SO MUCH of all of this is cyclical. And so naturally, the hunters become the hunted.
It’s a truism that quickly becomes a reality, an inescapable part of the experience at the summit. Already this season we’ve witnessed it in an immediate, condensed form: the whole competition going at the Tigers; Richmond going back at the League-leading Western Bulldogs in round seven; the Dogs getting the same dose from the Demons a few weeks later; Melbourne suddenly experiencing the phenomenon now.
If that serves to teach us anything, it’s that there’s a lot of looking over your shoulder at the top. And yet it’s on a longer timeline where this primal dynamic is even more intriguing in the context of the coming weekend.
It’s odd to think that Sunday’s clash between the Bulldogs and Sydney is a re-match that’s perhaps five years in the making. Of course, the teams have played a bunch of times since they met in the 2016 Grand Final, but not like this – not with these stakes, not with this edge.
In 2017, the year after their unforgettable finale, both teams were in the middle of falling away even if it was to differing degrees. The Swans dropped the bottom half of the eight and the Dogs dropped out altogether. In the years to follow they would essentially trade those places, but it’s not until now, five years after that day, that both teams are again legitimate finals outfits concurrently.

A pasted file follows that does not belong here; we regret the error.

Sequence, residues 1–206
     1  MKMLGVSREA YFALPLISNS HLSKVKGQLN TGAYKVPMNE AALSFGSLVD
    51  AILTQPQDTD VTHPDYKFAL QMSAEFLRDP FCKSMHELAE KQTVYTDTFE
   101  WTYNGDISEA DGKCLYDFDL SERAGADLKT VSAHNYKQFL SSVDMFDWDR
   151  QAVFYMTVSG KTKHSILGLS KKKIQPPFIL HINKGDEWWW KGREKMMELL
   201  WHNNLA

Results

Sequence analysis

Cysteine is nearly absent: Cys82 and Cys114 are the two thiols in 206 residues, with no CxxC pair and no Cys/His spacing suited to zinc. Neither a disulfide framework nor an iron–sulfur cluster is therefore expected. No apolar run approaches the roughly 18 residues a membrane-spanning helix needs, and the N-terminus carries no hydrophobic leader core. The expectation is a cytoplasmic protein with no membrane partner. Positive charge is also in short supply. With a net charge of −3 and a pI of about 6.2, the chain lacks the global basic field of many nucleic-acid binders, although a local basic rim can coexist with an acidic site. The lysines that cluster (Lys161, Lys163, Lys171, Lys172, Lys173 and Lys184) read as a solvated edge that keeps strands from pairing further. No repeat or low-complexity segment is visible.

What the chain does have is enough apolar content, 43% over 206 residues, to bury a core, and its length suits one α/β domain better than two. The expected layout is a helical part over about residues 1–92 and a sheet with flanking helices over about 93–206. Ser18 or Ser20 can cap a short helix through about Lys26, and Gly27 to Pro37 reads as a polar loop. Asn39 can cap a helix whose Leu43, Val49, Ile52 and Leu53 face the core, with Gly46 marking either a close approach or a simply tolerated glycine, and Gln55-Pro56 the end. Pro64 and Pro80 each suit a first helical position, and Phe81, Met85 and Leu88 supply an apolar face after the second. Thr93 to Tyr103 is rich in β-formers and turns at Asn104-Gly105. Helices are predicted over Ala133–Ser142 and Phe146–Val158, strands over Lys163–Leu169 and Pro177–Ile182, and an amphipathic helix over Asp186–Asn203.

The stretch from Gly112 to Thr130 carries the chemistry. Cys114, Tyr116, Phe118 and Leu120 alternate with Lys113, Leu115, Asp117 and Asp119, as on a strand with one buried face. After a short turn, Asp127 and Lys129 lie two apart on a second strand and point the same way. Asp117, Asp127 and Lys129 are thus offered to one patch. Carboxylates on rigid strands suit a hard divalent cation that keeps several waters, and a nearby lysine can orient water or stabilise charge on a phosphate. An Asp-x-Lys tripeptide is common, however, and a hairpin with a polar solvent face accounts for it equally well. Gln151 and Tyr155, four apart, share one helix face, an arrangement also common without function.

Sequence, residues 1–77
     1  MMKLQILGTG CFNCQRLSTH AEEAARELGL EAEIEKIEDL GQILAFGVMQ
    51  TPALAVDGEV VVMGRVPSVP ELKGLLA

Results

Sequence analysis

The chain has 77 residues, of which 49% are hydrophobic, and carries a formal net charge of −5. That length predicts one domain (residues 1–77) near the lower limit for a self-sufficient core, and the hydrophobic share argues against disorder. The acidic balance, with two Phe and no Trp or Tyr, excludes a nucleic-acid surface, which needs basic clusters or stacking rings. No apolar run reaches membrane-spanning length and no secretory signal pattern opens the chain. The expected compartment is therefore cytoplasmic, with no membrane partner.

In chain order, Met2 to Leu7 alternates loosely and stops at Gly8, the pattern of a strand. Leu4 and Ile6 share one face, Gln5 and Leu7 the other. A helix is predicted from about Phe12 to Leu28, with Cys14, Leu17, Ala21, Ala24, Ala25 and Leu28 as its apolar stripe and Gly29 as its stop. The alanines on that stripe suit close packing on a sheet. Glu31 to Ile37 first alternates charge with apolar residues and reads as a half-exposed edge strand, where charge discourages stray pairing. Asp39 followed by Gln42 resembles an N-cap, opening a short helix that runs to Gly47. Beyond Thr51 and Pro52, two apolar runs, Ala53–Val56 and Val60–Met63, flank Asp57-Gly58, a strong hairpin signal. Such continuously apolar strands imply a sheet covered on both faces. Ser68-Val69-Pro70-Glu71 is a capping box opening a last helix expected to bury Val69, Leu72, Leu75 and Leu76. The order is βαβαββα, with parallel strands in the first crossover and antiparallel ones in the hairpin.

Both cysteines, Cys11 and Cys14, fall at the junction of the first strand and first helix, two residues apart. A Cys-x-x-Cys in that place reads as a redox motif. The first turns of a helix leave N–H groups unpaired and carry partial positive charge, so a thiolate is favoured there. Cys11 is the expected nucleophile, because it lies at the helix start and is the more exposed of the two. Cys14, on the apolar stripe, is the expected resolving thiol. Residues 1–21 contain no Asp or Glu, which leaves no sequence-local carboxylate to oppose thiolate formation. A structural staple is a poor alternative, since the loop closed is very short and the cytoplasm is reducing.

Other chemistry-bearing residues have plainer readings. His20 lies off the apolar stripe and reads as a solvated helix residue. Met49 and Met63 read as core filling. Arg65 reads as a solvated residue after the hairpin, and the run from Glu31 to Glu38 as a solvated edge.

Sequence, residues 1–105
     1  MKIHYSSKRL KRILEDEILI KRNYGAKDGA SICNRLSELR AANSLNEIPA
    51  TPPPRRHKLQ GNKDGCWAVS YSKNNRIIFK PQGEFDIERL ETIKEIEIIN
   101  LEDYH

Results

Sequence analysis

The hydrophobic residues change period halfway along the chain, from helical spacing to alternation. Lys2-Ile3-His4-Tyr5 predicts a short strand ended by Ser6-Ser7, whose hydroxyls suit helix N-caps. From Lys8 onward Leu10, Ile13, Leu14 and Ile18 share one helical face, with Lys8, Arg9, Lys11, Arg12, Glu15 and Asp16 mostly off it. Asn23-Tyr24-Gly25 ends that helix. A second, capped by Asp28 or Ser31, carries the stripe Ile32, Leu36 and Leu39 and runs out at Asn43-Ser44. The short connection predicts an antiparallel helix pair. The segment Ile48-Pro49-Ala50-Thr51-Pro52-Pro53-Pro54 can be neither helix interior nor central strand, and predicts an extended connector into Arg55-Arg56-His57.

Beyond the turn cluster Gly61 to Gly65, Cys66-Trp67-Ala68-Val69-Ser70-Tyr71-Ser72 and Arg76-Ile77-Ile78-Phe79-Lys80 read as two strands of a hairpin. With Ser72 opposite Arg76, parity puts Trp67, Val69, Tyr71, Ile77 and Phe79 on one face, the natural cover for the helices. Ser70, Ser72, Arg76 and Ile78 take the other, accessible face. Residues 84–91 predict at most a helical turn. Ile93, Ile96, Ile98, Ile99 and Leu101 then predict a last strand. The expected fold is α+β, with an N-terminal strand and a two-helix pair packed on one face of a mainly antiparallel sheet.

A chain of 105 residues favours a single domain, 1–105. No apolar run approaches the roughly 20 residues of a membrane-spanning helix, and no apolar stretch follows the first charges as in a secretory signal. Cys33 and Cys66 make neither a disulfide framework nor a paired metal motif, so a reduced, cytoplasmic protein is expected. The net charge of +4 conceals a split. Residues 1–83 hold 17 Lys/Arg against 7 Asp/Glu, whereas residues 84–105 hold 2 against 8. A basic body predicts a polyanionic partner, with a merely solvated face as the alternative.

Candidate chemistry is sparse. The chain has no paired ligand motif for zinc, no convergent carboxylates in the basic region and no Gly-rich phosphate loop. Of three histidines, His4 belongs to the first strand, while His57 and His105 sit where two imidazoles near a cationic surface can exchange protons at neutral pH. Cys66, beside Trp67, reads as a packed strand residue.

What’s more, they’ve traded places on their 2016 dynamic, too.
That year, it was the Swans who led the League and who were littered with the stars. They had five All-Australians, two in the upper echelon of the Brownlow and a perennial Coleman Medal contender. If that sounds familiar in relation to the Dogs now it’s because it is: Purely on talent it wasn’t close at all, and yet none of it mattered.
Fast forward to now and it’s striking to see elements of the 2016 Dogs in the 2021 Swans. There’s the youthful core that feels ahead of its own timeline, the dare and dash to their footy in big moments and that same sense of being capable of doing damage from further back on the grid than what’s normally expected.
It’s taken five years to reach the re-match that day has deserved. And the hunters are now the hunted.
‘Into The Fury: The Tale of the 2016 Flag’ is part of Season Final Story, a series of films on AFL On Demand for which AFL Media have been granted exclusive access to uncover the exciting and brutal nature of each season’s Grand Final.